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Does Windows defragment your SSD?


A Guy

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#1
The real and complete story - Does Windows defragment your SSD?

Storage Optimizer will defrag an SSD once a month if volume snapshots are enabled. This is by design and necessary due to slow volsnap copy on write performance on fragmented SSD volumes. It’s also somewhat of a misconception that fragmentation is not a problem on SSDs. If an SSD gets too fragmented you can hit maximum file fragmentation (when the metadata can’t represent any more file fragments) which will result in errors when you try to write/extend a file. Furthermore, more file fragments means more metadata to process while reading/writing a file, which can lead to slower performance.

As far as Retrim is concerned, this command should run on the schedule specified in the dfrgui UI. Retrim is necessary because of the way TRIM is processed in the file systems. Due to the varying performance of hardware responding to TRIM, TRIM is processed asynchronously by the file system. When a file is deleted or space is otherwise freed, the file system queues the trim request to be processed. To limit the peek resource usage this queue may only grow to a maximum number of trim requests. If the queue is of max size, incoming TRIM requests may be dropped. This is okay because we will periodically come through and do a Retrim with Storage Optimizer. The Retrim is done at a granularity that should avoid hitting the maximum TRIM request queue size where TRIMs are dropped.
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A Guy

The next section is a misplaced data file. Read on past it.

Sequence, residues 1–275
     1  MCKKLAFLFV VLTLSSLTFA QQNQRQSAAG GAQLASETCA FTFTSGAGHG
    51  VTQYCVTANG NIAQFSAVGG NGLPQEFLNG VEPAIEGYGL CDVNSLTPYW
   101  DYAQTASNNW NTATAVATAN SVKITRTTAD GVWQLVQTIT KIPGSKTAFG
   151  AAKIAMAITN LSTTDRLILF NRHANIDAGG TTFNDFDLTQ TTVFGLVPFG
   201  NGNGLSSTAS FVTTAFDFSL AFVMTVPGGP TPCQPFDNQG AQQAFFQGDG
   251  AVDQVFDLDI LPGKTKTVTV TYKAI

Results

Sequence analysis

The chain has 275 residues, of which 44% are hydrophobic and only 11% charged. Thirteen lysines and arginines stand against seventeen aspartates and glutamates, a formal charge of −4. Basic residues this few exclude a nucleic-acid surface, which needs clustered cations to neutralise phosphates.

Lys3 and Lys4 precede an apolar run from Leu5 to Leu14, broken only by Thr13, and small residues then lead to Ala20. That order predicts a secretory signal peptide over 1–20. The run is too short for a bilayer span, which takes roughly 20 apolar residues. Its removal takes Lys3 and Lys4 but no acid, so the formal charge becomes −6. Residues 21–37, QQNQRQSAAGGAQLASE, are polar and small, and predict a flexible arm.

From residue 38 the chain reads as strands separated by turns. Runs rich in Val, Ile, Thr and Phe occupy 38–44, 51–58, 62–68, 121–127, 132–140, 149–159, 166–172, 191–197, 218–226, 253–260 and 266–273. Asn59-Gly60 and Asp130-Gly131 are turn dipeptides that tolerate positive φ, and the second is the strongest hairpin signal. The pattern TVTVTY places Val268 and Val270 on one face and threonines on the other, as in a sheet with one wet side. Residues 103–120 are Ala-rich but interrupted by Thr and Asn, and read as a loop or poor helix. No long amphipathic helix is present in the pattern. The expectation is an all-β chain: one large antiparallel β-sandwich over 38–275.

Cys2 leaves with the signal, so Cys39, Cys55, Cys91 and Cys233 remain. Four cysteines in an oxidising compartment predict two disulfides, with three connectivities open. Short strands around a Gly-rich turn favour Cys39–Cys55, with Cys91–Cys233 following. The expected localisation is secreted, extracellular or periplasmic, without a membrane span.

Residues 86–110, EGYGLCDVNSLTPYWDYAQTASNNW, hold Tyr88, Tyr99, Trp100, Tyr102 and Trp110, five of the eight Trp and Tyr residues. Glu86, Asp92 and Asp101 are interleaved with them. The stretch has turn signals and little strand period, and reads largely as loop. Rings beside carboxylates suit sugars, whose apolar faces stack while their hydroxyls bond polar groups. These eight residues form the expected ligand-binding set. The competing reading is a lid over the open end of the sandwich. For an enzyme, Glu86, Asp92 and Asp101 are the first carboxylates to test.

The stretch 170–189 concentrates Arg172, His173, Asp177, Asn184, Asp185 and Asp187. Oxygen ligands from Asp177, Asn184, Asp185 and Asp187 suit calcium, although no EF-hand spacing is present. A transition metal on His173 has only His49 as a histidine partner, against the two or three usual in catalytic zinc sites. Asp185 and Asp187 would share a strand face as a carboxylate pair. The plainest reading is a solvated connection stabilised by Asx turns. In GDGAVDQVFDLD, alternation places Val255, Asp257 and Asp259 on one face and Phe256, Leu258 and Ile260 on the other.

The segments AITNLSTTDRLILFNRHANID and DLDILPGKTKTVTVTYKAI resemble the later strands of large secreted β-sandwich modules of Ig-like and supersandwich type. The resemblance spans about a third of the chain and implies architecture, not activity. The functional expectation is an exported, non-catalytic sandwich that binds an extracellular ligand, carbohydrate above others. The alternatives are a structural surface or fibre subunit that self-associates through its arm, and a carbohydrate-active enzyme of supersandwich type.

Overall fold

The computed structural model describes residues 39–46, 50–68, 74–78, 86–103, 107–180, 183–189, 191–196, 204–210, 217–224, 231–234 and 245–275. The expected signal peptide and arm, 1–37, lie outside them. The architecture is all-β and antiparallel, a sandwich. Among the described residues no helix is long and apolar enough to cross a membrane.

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WiFi Ed

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#2
Interesting! I sometimes disabled System Restore on my Win 8.1 machines, but I won't anymore!
 

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whs

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#4
For garbage collection to efficiently work, I run my systems from time to time with only the BIOS on. Then there is no R/W activity on the SSD but the SSD is under power.
 

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azasadny

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#5
I just installed the Samsung 850 EVO in 250GB in my PC and I'm using the Samsung utilities.
 

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sygnus21

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#6
To those who like to turn off System Restore

For those who like to turn off System Restore, and have SSD drives, head this...

A bit of advanced info here - Defrag will only run on your SSD if volsnap is turned on, and volsnap is turned on by System Restore as one needs the other. You could turn off System Restore if you want, but that turns off a pretty important safety net for Windows.
Thus when you disable (turn off) System Restore, you disable Windows Storage Optimizer, which handles both Defrag and TRIM...

SSDs also have the concept of TRIM. While TRIM (retrim) is a separate concept from fragmentation, it is still handled by the Windows Storage Optimizer subsystem and the schedule is managed by the same UI from the User's perspective.
So if you're getting bad HD and SSD drive performance... you might want to re-enable System Restore. Or at the very least, manually run the Optimize Drives UI. The easiest way to get to it is to right click any HD, choose properties, and Optimize...

Disk Properties.PNG

Clicking Optimize gets you this UI...

Optimize Drives.PNG

You can also go get to the above by going Control Panel, Administrative Tools, Defragment and Optimize Drives. And clicking on Change Settings allows you to schedule and choose which drives to optimize.

At any rate, it really is worth reading the article A Guy linked to as there's some good FUD killing info there. Excellent article.

Peace :cool:
 

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